dt x e

32

dx k1 2 2

2 a (x e x 2 ) 2axx e (x e x)

dt x e

dx k1 2

a (x e x)(x e x) 2axx e (x e x)

dt x e2

dx k1

2 (x e x) a 2 (x e x) 2axx e

dt x e

k

dx

12 dt

(x e x) a (x e x) 2axx e x e

2

(x

k

dx

12 dt

xe

e x) a (x e x) 2axx e

2

(3)

1

A

B

2

(x e x) a (x e x) 2axx e (x e x) a (x e x) 2axx e

(4)

1 A a 2 (x e x) 2axx e B(x e x)

(5)

1 A a 2 (x e x e ) 2ax e x e B(x e x e )

1 A(2a 2 x e 2ax e2 )

1

2ax e (a x e )

1 A a 2 (x e x) 2axx e B(x e x)

1 Aa 2 x e Aa 2 x 2Aaxx e Bx e Bx

0 Aa 2 2Aax e B

B A(a 2 2ax e )

(a 2 2ax e )

2ax e (a x e )

33

(a 2 2ax e )

1

1

2

(x e x) a 2 (x e x) 2axx e 2ax e (a x e )(x e x) [2ax e (a x e )][a (x e x) 2axx e ]

Hence equation (3) becomes

(a 2 2ax e )dx k1

1

dx

dt

2ax e (a x e ) (x e x) a 2 x e a 2 x 2axx e x e2

k

1

ln(x e x) ln(a 2 x e a 2 x 2axx e ) 12 t c

2ax e (a x e )

xe

(a 2 x e a 2 x 2axx e ) k1

1

ln

2 tc

2ax e (a x e )

(x e x)

xe

(6)

(a 2 x e a 2 0 2a0x e ) k1

1

ln

2 0c

2ax e (a x e )

(x e 0)

xe

a 2xe

1

ln

c

2ax e (a x e ) x e

c

1

ln a 2

2ax e (a x e )

(a 2 x e a 2 x 2axx e ) k1

1

1

ln a 2

ln

2 t

2ax e (a x e )

(x e x)

2ax e (a x e )

xe

(a 2 x e a 2 x 2axx e )

k

1

1

ln a 2 12 t

ln

2ax e (a x e )

(x e x)

xe

2ax e (a x e )

(a 2 x e a 2 x 2axx e ) k1

1

ln

2 t

2ax e (a x e )

(x e x)a 2

xe

k1

a(ax e ax 2xx e )

x e2

ln

2atx e (a x e )

(x e x)a 2

k1

ax e ax 2xx e

xe

ln

2at(a x e )

(x e x)a

k1

x(a 2x e ) ax e

xe

ln

2at(a x e )

(x e x)a

(7)

This is the integrated rate equation for opposing reaction of the type second order opposed by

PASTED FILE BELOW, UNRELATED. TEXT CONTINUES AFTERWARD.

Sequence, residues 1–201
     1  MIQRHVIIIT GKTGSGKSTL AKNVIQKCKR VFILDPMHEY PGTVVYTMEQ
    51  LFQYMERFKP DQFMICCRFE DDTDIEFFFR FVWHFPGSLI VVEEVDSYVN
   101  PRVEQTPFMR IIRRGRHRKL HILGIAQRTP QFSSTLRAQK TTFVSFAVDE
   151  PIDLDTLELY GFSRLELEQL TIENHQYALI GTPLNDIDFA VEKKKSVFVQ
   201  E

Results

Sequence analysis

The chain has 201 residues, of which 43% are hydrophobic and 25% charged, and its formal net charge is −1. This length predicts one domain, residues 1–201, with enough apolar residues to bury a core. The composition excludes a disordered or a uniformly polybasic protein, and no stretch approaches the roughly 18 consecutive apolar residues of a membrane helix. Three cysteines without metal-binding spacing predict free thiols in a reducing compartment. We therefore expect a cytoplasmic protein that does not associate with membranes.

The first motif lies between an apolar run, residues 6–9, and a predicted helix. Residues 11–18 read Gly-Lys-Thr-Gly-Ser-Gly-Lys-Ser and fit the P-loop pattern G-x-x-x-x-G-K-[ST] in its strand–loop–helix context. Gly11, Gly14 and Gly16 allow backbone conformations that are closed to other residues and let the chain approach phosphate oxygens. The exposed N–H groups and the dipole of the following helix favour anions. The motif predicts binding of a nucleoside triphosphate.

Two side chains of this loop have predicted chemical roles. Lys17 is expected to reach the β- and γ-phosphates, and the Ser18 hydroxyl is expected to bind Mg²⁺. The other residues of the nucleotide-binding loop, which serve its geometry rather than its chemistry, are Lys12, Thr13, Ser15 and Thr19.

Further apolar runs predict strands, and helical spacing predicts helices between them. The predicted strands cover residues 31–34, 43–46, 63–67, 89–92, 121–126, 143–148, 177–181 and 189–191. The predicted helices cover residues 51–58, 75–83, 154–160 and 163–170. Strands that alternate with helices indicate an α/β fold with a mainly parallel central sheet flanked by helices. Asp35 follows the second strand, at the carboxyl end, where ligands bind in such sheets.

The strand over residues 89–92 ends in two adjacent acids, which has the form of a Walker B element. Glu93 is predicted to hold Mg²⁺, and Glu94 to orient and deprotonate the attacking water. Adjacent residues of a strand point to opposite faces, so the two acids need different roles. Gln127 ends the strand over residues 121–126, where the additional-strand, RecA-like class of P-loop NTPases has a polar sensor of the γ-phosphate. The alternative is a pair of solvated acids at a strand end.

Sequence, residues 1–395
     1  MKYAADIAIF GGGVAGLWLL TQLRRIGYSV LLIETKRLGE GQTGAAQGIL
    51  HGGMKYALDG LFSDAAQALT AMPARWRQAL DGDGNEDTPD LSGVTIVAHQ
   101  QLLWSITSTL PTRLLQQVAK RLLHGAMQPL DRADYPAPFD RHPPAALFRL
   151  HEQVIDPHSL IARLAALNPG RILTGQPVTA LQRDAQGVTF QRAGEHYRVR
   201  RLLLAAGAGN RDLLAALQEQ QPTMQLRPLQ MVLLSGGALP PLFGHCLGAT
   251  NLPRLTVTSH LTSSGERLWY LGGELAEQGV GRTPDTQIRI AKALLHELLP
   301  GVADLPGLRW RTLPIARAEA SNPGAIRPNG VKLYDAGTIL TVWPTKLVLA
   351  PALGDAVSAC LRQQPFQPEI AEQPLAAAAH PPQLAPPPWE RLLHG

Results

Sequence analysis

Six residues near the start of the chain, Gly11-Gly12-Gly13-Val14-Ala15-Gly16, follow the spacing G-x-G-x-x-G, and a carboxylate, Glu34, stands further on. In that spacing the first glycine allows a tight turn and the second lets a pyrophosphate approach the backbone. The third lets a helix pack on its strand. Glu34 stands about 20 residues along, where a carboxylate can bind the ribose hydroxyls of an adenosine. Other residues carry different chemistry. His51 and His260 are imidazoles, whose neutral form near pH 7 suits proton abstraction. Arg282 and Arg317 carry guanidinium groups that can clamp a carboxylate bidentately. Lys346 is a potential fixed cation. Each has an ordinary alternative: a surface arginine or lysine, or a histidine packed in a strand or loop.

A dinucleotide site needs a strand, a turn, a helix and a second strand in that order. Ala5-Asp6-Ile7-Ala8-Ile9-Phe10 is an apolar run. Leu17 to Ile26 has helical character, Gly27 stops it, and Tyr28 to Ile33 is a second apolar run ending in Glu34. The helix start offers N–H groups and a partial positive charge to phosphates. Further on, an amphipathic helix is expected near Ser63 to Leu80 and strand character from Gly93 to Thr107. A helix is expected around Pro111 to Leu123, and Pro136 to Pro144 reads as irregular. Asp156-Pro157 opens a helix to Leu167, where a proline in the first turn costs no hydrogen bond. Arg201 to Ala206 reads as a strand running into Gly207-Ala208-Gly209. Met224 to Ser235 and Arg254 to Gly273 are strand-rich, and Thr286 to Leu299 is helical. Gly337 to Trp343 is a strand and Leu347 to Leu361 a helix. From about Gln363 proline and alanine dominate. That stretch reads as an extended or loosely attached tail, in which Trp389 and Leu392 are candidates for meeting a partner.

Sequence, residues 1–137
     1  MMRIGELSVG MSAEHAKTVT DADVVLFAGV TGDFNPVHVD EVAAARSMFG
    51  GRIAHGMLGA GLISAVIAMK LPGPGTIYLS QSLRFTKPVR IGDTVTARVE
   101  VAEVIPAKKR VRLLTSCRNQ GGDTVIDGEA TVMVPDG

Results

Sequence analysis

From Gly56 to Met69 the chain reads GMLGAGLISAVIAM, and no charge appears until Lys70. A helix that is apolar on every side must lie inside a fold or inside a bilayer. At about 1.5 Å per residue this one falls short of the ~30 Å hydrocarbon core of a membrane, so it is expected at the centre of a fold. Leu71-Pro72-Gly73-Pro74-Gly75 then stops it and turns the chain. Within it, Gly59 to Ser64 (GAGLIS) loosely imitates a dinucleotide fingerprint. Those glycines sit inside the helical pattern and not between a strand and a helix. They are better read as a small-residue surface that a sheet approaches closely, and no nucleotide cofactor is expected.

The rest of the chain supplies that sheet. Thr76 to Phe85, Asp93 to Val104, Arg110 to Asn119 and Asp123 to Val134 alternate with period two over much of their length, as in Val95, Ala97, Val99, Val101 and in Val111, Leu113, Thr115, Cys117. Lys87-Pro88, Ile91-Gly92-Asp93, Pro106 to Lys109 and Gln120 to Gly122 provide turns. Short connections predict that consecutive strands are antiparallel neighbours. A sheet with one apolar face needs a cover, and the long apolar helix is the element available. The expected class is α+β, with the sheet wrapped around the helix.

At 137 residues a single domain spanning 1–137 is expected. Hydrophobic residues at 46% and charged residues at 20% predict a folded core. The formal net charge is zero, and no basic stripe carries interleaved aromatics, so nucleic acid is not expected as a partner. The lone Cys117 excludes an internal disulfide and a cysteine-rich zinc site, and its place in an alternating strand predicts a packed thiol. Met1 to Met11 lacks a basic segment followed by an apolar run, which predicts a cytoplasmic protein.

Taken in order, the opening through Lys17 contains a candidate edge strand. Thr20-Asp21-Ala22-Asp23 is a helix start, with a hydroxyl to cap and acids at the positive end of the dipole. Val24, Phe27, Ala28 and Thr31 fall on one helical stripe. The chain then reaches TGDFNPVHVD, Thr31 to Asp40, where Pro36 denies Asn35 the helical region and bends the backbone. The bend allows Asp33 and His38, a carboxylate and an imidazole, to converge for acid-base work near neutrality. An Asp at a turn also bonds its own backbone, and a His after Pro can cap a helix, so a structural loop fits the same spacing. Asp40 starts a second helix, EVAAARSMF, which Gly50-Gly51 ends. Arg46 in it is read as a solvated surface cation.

second order.

34

4.10.2 CONSECUTIVE OR SEQUENTIAL REACTIONS

The reactions which proceed from reactants to products in one or more steps

through intermediates are known as consecutive reactions. Each step involved here has its

own rate constant. Consider the simplest consecutive reaction as follows,

k1

k2

When t = 0

When t = t

[A]

[B]

[C]

d[A]

k1[A]

dt

d[A]

k1 dt

[A]

ln[A] k1t c

(1)

ln a k1 0 c

ln a c

Putting the value of c in equation (1),

ln[A] k1t ln a

ln[A] ln a k1t

ln

[A]

k1 t

a

[A]

e k1t

a

[A] ae k1t

(2)

d[B]

k1[A] k 2 [B]

dt

d[B]

k 2 [B] k1[A]

dt

d[B]

k 2 [B] k1ae k1t

dt

35

Multiplying both sides by e k 2 t

d[B]

dt

d[B] k 2 t

e [B]k 2ek 2 t k1ae(k 2 k1 )t

dt

d

[B]ek 2 t k1ae(k 2 k1 )t

dt

d [B]ek2 t k1ae(k 2 k1 )t dt

d [B]e k a e

k2t

(k 2 k1 )t

[B]e

k2t

dt

e(k 2 k1 )t

k1a

D

k 2 k1

(3)

[0]e

k2 0

e(k 2 k1 )0

k1a

D

k 2 k1

k1a

D

k 2 k1

[B]e

k2t

ka

e(k 2 k1 )t

k1a

1

k 2 k1 k 2 k1

[B]ek 2 t

k1a

e(k2 k1 )t 1

k 2 k1

[B]ek 2 t

k1a

ek2t ek1t 1

k 2 k1

[B]

k1a ek 2 t k1t 1

e k2t

k 2 k1 e k 2 t

e

[B]

k1a

e k1t e k 2 t